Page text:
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  1. #1
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    Unanswered: Thoughts for speeding up a View?

    I've been reading up lately that adding clustered indexes to a view or potentially schemabinding the view to the tables are two really good ways of optimizing the performance of your view.

    Right now this thing is massive, so I am a little leery that any optimization is possible, but wanted to bounce these ideas against experienced DBA's.

    The underlying table structure should have very little movement if ever, so the schema being bound shouldn't hinder anyone.

    Just was curious what your thoughts were? Is it a waste of time, the articles I have been reading seem to be pro schema binding.

  2. #2
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    You can create a materialized view which allows you to create the clustered indexes on it. This probably has a very different behavior than what you are imagining, and it can consume a lot of disk if you aren't VERY careful.

    A view is basically a "canned" SELECT statement. This is convenient, and sometimes allows the SQL Server to do some special optimizations that help performance. With that said, the view is still a SELECT statement and almost anything that will optimize a SELECT statement will also optimize a view built from that SELECT statement. The same strategies and tactics that you use to optimize a SELECT statement can and should be applied to the view.

    -PatP
    In theory, theory and practice are identical. In practice, theory and practice are unrelated.

  3. #3
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    You know Pat I am a little nervous.

    This view is dependent upon 3 other views. Maybe more.......

    I ran the Statistics IO function on the query and saved the results. I was going to add the schemabinding to the view but it kept saying there were other views that weren't schema bound. I just feel outside my element adding schemabinding on these views upon views.

    I'm not sure if I schemabind all the views and drop an Index on the master view will help. I was going to run some statistics on it with IO and the Execution Plan. I am in a test environment so.........
    Last edited by VLOOKUP; 01-23-15 at 16:07.

  4. #4
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    You say be careful, it looks like all the DBA sites are saying you should always bind your views. None of our views are bound, but we also have a view with several views joined to it. I'm just not sure if this makes sense to schema bind all the views. Maybe creating a job and dumping the view into a physical table nightly makes sense. But there are 40 million records so that makes me nervous too, it might interfere with other jobs running like some of our ETL's we have scheduled at night.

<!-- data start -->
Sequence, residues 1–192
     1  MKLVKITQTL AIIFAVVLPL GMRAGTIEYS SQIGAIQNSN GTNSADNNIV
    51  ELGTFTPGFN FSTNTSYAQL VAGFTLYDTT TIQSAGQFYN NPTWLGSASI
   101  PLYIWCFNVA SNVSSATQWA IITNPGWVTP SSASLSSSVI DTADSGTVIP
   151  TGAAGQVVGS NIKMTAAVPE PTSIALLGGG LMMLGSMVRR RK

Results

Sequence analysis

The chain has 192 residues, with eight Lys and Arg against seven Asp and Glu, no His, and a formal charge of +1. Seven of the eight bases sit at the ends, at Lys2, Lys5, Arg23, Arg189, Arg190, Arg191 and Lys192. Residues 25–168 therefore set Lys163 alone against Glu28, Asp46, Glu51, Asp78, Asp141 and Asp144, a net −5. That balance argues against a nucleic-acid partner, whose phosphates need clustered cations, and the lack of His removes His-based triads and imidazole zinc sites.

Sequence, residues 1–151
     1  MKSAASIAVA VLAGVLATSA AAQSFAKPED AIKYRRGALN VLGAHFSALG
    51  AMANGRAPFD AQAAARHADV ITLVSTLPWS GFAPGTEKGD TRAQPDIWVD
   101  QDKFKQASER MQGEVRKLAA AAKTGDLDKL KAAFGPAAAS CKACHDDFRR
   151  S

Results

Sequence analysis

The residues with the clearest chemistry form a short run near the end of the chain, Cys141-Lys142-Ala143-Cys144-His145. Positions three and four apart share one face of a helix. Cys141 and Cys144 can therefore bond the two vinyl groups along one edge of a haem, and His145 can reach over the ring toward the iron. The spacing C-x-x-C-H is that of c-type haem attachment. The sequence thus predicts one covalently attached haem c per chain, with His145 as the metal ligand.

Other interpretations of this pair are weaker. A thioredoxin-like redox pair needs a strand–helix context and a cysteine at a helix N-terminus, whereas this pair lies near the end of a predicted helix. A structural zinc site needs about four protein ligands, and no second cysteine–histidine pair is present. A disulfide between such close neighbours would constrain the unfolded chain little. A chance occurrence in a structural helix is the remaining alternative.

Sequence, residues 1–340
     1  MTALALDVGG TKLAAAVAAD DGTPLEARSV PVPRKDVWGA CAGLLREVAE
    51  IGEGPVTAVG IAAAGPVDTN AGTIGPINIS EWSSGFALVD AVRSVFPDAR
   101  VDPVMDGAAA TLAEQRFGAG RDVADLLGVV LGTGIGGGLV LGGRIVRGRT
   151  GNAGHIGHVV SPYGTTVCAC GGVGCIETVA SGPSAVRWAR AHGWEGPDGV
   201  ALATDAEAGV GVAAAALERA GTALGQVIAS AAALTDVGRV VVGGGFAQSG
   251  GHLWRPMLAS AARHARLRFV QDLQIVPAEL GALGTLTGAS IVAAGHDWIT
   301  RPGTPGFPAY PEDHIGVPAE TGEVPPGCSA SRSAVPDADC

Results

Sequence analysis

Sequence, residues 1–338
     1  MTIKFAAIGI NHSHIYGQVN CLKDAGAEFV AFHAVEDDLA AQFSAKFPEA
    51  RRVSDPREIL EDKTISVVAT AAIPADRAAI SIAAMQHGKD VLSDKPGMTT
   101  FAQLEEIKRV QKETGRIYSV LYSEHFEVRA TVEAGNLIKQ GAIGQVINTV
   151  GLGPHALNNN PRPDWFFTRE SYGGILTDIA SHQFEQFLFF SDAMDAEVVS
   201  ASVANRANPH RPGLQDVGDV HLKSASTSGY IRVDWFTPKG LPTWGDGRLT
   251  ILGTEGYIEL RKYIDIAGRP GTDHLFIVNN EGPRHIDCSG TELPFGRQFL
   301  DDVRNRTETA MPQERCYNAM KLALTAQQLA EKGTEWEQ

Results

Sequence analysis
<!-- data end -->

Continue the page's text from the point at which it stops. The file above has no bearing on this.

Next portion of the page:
I read locking can occur with bound views with indexes.

    We do have an OLAP set up but for some reports sometimes the MDX isn't the best method for reporting.
    Last edited by VLOOKUP; 01-23-15 at 16:24.

  5. #5
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    Quote Originally Posted by VLOOKUP View Post
    You say be careful, it looks like all the DBA sites are saying you should always bind your views. None of our views are bound, but we also have a view with several views joined to it. I'm just not sure if this makes sense to schema bind all the views. Maybe creating a job and dumping the view into a physical table nightly makes sense. But there are 40 million records so that makes me nervous too, it might interfere with other jobs running like some of our ETL's we have scheduled at night.

    I read locking can occur with bound views with indexes.

    We do have an OLAP set up but for some reports sometimes the MDX isn't the best method for reporting.
    Indexed views have a lot of gotcha's. I highly suggest that you read the documentation on the subject in SQL Server Books Online. I have only successfully implemented them in read-only databases, and if your database is read only and these materialized views consume disk space you might as well manifest another table. The first time I tried this was in a large and complex legacy system, and it turns out that if your tables are not created with certain ANSI settings turned a certain way, and if the processes that do any DML on your underlying base tables do not have certain configuration set correctly, there can be lots of new errors.
    “If one brings so much courage to this world the world has to kill them or break them, so of course it kills them. The world breaks every one and afterward many are strong at the broken places. But those that will not break it kills. It kills the very good and the very gentle and the very brave impartially. If you are none of these you can be sure it will kill you too but there will be no special hurry.” Earnest Hemingway, A Farewell To Arms.

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